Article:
Sunday, 12 December 2010

Yoghurt

Yoghurt, or yaourt as it is known in French is very popular. Many French women and children eat a pot of yoghurt every day, often plain, natural and whole milk. Dairy products are considered an integral part of a balanced diet, and all dairy products, including cream and butter, are considered healthy by most French people.

Foods that can deliver minerals, such as the calcium in dairy products, are particularly favoured (it seems to me even over those considered high in vitamins). I suspect this is all part of the attachment to the land and terroir. Fat is not considered unhealthy per se, so there is not so much emphasis on the fat content of dairy products. It is considered to be intrinsic to flavour, mouthfeel and the general enjoyment of food, and it is assumed that you will consume it in moderation, delighting in its richness, but not being greedy. One of the few health warnings you will get is to avoid foods that combine fats and sugars – these are for special occasions only, not for every day.

Natural whole milk Activia, made by Danone, and my personal
choice of daily yoghurt.
In the light of this I was interested to read recently that Danone has decided not to sell its Densia range in France. Densia is a low fat yoghurt with added calcium, designed to appeal to those worried about osteoporosis, but apparently French women are not interested in this fortified product, as they feel they already consume adequate quantities of calcium in a wide range of dairy produce.

Danone, a French based company and now the multi-national rival to the Swiss Nestlé, was an offshoot of a glass jar manufacturing company which made a spectacular move from 'container to content' in 1970. From the beginning they have focused strongly on health, baby foods and medical nutrition and are the European leaders in the latter, the world leader in fresh dairy products.

Susan

9 comments:

Sheila said...

I also like Activia but am not a
fan of most dairy products,
certainly not plain yoghurt.
This leads me to wonder whether
the product we get here in the
US has been so sweetened that it
falls more into the category of
a dessert. Do like it though so
hope it has health benefits too.
Don't believe the probiotics they
tout in the ads are very "active"
though.

Diogenes said...

Interesting...I have Dannon (as it's spelled here)coffee flavored low-fat yogurt often for breakfast. And I think the Activia label you mention is relatively new in the States.

Tim said...

Hi Susan... take a look at this entry on our foodie blog... there is some very nice yoghurt available... And I'll be surprised if La Borde don't have something at La Celle Guenand next w/e. They do decorated pats of butter, old fashioned style with a picture on.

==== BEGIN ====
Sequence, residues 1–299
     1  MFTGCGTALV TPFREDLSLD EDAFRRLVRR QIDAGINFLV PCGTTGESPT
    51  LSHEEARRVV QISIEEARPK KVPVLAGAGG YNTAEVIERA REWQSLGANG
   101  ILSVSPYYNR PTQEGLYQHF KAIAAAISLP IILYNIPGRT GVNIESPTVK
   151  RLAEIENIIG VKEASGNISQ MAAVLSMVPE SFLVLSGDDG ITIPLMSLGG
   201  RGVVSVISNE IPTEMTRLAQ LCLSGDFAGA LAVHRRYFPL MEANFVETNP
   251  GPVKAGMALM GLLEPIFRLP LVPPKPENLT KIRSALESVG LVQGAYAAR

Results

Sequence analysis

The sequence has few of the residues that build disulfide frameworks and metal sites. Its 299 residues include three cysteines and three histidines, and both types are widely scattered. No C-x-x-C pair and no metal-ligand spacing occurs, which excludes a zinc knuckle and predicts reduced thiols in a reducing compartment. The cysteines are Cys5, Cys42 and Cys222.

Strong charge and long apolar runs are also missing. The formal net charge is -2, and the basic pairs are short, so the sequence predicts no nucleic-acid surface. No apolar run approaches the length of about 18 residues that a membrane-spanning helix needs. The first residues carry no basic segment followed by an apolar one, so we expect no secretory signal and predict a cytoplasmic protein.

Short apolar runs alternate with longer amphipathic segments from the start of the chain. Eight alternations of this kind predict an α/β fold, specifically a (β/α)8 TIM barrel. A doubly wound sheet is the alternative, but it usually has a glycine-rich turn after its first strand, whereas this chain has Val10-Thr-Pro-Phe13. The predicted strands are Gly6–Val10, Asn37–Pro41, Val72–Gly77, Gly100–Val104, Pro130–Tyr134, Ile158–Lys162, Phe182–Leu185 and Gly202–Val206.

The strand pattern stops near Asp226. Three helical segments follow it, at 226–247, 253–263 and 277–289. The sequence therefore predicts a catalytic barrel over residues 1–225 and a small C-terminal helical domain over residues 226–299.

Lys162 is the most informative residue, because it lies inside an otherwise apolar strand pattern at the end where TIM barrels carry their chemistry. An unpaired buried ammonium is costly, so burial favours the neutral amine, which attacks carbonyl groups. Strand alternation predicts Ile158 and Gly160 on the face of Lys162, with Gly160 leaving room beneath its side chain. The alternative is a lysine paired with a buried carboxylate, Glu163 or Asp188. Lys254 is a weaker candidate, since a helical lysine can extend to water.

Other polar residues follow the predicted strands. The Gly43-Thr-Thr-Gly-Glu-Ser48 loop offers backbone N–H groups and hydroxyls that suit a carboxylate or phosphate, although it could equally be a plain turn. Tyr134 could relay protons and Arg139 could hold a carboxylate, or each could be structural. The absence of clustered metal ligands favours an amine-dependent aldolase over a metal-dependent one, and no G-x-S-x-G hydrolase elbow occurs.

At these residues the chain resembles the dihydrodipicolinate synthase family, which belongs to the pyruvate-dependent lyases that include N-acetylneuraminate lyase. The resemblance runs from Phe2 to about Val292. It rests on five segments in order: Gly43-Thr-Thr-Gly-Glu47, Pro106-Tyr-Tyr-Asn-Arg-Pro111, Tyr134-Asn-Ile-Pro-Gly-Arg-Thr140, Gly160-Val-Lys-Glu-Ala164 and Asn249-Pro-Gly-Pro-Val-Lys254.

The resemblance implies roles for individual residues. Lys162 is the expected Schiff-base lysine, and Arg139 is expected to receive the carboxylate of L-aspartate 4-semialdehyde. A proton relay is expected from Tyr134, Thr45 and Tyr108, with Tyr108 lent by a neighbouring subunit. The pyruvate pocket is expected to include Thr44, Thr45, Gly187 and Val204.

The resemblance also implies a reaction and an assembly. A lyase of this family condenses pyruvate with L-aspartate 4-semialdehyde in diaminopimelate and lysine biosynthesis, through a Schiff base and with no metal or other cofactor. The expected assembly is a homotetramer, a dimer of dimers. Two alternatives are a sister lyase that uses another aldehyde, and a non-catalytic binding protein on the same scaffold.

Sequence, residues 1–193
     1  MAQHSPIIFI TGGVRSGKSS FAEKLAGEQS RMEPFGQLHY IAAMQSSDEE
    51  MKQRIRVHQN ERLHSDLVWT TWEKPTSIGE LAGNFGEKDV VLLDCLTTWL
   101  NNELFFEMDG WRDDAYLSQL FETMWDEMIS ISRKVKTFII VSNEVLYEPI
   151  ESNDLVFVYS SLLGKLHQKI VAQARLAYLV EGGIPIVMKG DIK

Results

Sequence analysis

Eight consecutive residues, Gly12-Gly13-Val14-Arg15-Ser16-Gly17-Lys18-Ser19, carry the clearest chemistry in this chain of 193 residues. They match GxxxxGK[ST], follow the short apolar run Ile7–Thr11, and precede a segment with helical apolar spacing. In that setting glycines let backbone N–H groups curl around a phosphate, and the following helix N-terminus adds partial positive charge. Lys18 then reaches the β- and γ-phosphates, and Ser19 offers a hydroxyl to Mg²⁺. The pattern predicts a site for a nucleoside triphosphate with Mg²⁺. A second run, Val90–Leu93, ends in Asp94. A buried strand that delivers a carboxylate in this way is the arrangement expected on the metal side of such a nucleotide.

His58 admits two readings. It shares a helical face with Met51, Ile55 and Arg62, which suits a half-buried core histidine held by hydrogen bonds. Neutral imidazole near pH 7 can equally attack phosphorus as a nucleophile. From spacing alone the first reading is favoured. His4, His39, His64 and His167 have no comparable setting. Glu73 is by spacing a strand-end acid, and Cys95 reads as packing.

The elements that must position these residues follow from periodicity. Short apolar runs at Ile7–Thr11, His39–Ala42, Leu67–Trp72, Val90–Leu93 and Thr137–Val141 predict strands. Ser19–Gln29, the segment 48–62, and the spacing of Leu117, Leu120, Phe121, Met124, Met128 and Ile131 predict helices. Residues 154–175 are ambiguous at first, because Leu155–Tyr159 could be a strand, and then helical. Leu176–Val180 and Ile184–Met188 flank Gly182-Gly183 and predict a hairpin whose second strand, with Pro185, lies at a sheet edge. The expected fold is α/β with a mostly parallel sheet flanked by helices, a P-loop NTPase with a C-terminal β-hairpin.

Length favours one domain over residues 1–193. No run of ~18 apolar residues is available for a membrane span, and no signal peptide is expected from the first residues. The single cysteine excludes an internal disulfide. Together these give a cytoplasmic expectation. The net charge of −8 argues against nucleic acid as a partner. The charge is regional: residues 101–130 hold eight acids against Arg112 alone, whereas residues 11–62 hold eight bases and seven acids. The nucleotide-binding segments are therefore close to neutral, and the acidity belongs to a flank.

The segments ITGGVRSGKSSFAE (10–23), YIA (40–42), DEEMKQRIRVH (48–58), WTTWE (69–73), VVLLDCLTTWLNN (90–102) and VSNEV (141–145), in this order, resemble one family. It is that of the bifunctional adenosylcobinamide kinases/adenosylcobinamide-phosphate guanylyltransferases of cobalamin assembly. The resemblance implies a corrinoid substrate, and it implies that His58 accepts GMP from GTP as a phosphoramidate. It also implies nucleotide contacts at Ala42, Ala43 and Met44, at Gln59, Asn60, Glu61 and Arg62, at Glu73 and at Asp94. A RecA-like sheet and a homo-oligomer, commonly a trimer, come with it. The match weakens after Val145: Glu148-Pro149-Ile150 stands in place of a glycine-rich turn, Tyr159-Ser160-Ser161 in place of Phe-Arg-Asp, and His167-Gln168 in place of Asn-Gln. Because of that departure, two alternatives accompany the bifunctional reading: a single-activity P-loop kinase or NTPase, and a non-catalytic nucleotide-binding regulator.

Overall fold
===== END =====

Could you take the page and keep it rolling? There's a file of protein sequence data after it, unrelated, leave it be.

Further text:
As well as the Crème crue and the Confiture de Lait... next time you drop over we'll show you the Yogomagic. The next batch will be made using a frozen La Borde yoghurt as the starter [thawed out of course]... this 'bulk' youghurt will be the basis for our yogices next year [once we are in the Laiterie... there is a suitable place!]

Simon said...

Sheila: Activia nature is not sweetened, but I eat it with our homegrown fruit. There is a big battle going on here at present due to a change in legislation regarding health claims for food. It looks like the probiotics claims are not provable, so the yoghurt manufacturers will not be able to advertise their soi-disant health benefits.

Diogenes: I didn't realise they spelt it differently in the States. I wonder why?

Tim: La Borde doesn't do butter all the time. She (the laitiere) has had it a lot lately, but she assures me that is unusual. I don't buy it any more as it is unsalted, and Simon doesn't like unsalted butter. I buy her yoghurt from time to time, and it is very nice, as you say. At the moment we don't make our own yoghurt because we have a use for the empty yoghurt pots, but I will probably start making it eventually. Susan.

chm said...

I tried Activia last year, here in SoCal and wasn't impressed in the least. Even less so after all the commercials you have to go through on local TV. When in Paris, I indulge in Danone's Velouté. Every time I have one, which is more than twice a day, I think how wonderful it would be to have them here in the States. But probably Dannon think, for whatever reason, they wouldn't be to the taste of the American public.

Completely off topic, I just made several jars of banana jam. Delicious.

Diogenes said...

Susan, I guess the Dannon spelling yields a pronunciation that's somewhat close to the French version. I think if they branded it "Danone" here, people might call it dan-one or da-no-ne. Just a guess...Interesting to hear about the probiotic claims not being provable. I know people who buy it for the alleged health benefits.

chm said...

Diogenes,
You're exactly right about that. For many years I wondered why they spelled Danone Dannon, until it dawned on me they tried to reproduce as closely as possible the French pronunciation or sounding of Danone.

Emm said...

Even better than buying yogurt is making your own, which is quite easy. Fresher and less expensive, too. I seriously distrust any commercial yogurt that adds flavorings, as they usually contain various kinds of sugars or artificial sweeteners.

Susan said...

Emm: At this stage we deliberately don't make our own because we have a use for the pots, and whilst I don't want to seem like a walking ad for Danone, Activia nature only contains whole milk, whole milk powder and lacto-bacteria. I agree with you about the additives, especially the low fat yoghurts, which are usually sweetened with artificial sweeteners.